# How to perform Poisson regression with known scaling factor for mean at each value of explanary variables in R?

The following webpage shows how to do Poisson regression.

https://stats.idre.ucla.edu/r/dae/poisson-regression/

summary(m1 <- glm(num_awards ~ prog + math, family="poisson", data=p))


The mean of the Poisson distribution is linked with the linear transform (X) of the explanatory variable b (here prog and math) via some function f().

mu = f(X b)

I would like to have a slightly modification to the relation by multiplying a known constant that is dependent on b.

mu = c(b) f(X b)

This should be trivial to do if one had code the regression from scratch. But it is non trivial to customize an existing piece of code that was not designed to do so.

I haven't found a R package that can do this. But I'd expect that somebody might have done it before.

Could anybody let me know whether there is a R function that can do this for Poisson regression?

Assuming that you wish to use a logarithmic link function (which is the default for what the glm function is implementing here), your proposed linking equation is:

$$\mu_i = c(\boldsymbol{\beta}) \exp(\boldsymbol{\beta}^\text{T} \mathbf{x}_{(i)}),$$

which can also be written as:

$$\log(\mu_i) = h(\boldsymbol{\beta}) + \boldsymbol{\beta}^\text{T} \mathbf{x}_{(i)} \quad \quad \quad h \equiv \log c.$$

Since the first term in the regression equation is an unspecified function of the coefficient vector $$\boldsymbol{\beta}$$, this is a complicated nonlinear model form that is going to have a different estimator for the coefficient. The log-likelihood function for the model is:

\begin{align} \ell_{\mathbf{y}, \mathbf{x}}(\boldsymbol{\beta}) &= \sum_{i=1}^n \log \text{Pois}(y_i | \mu_i) \\[6pt] &= \sum_{i=1}^n \log \text{Pois}(y_i | \exp(h(\boldsymbol{\beta}) + \boldsymbol{\beta}^\text{T} \mathbf{x}_{(i)})) \\[6pt] &= \sum_{i=1}^n y_i [h(\boldsymbol{\beta}) + \boldsymbol{\beta}^\text{T} \mathbf{x}_{(i)}] - \sum_{i=1}^n \exp(h(\boldsymbol{\beta}) + \boldsymbol{\beta}^\text{T} \mathbf{x}_{(i)}) + \text{const}. \\[6pt] \end{align}

Assuming that $$h$$ is differentiable you then have partial derivatives:

\begin{align} \frac{\partial \ell_{\mathbf{y}, \mathbf{x}}}{\partial \beta_k} (\boldsymbol{\beta}) &= \sum_{i=1}^n \bigg( \frac{\partial h}{\partial \beta_k}(\boldsymbol{\beta}) + \mathbf{x}_{(k)} \bigg) \bigg( y_i - \exp(h(\boldsymbol{\beta}) + \boldsymbol{\beta}^\text{T} \mathbf{x}_{(i)}) \bigg), \\[6pt] \end{align}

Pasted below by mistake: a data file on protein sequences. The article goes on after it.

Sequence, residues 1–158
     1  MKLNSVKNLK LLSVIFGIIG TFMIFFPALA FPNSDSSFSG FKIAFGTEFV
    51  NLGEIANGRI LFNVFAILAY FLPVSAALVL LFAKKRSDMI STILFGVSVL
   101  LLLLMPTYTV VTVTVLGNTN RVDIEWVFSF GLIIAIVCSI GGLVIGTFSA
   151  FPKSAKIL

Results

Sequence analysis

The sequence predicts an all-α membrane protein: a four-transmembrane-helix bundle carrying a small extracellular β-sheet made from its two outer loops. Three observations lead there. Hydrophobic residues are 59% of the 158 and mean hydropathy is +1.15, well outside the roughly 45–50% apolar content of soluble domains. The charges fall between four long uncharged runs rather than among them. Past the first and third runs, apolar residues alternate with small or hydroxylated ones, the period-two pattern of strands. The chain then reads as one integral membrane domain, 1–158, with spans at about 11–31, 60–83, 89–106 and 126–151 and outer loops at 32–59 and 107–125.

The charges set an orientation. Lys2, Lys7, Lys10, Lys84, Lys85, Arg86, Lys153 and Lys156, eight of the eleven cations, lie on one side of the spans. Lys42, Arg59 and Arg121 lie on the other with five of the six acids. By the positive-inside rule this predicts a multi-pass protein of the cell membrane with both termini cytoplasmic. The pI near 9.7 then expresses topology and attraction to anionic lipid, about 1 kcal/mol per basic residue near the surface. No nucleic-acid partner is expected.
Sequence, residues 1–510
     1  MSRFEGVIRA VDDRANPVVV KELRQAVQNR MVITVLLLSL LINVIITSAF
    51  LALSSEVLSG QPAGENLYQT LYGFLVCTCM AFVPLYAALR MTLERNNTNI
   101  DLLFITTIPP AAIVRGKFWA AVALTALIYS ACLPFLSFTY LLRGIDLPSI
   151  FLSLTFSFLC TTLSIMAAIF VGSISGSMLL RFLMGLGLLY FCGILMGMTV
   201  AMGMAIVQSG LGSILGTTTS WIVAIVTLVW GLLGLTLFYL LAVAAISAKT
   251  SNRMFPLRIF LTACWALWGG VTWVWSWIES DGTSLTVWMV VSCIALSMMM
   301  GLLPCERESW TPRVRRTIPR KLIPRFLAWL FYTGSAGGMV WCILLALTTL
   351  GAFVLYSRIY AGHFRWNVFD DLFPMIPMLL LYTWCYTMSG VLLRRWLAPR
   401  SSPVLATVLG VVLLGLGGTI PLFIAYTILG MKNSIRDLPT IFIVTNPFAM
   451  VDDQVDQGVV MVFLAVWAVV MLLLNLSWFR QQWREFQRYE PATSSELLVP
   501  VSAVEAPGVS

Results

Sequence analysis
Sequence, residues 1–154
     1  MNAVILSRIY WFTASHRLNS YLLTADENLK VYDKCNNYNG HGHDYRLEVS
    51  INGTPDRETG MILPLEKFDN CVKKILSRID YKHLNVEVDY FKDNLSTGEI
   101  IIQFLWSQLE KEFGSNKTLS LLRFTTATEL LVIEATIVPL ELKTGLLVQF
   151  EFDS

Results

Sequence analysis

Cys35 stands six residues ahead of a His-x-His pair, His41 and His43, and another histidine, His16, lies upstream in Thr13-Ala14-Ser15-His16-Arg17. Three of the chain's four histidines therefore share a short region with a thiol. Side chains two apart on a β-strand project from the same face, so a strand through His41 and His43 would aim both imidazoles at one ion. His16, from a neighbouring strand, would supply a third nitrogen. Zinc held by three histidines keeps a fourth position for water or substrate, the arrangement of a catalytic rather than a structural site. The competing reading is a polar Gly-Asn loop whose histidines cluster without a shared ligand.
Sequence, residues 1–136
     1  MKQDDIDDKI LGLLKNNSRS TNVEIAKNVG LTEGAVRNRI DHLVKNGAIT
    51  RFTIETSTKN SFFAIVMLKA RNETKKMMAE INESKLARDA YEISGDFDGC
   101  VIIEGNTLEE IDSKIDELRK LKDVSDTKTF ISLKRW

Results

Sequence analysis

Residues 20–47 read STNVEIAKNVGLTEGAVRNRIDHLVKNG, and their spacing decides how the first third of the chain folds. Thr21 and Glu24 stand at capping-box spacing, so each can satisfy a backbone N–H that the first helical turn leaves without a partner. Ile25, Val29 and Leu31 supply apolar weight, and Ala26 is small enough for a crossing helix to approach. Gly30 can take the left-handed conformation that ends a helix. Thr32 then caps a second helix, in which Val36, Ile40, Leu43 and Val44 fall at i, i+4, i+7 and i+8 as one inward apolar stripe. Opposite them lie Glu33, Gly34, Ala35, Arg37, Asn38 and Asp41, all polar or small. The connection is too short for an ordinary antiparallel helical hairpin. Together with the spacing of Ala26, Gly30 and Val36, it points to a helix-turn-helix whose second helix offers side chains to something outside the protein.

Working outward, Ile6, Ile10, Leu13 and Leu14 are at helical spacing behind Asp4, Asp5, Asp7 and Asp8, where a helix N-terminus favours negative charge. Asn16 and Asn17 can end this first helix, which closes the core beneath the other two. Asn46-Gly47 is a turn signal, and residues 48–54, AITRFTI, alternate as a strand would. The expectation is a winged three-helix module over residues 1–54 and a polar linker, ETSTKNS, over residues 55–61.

which lead to an alternative form for the estimated coefficients in the model.

Poisson regression is usually using the log link (default in R, so the link used with the code example you gave.) So your function f is the exponential function. Applying that to mu = c(b) f(X b), we obtain log(mu) = log(c(b))+ X b, so that first term have the form off an offset, a known term included in the linear predictor.

The difference here is that this "known" constant depends on b, but in a known way. That cannot be estimated with the glm function, but in principle it can be done the same way. In each iteration of the IRLS algorithm used for estimation. In each iteration there is a provisional value of b, and that value can be used to adjust the offset term for the next iteration.

I cannot find an R package that does this, but you can probably write it yourself, piecing together calls to model.matrix, glm.fit and glm.control, the last have a maxit argument you can use.

• Since the term being added is a function of the parameter, it is not known, so I don't think it's an offset --- please have a look at other answer and see what you think.
– Ben
Nov 25, 2021 at 21:07